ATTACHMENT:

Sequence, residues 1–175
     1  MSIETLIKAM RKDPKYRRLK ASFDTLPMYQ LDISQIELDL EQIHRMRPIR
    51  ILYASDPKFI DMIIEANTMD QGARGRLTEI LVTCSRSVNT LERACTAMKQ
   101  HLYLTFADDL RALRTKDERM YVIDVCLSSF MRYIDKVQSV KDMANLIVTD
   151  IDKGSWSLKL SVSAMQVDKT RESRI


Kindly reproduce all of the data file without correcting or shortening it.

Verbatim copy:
Sequence, residues 1–175
     1  MSIETLIKAM RKDPKYRRLK ASFDTLPMYQ LDISQIELDL EQIHRMRPIR
    51  ILYASDPKFI DMIIEANTMD QGARGRLTEI LVTCSRSVNT LERACTAMKQ
   101  HLYLTFADDL RALRTKDERM YVIDVCLSSF MRYIDKVQSV KDMANLIVTD
   151  IDKGSWSLKL SVSAMQVDKT RESRI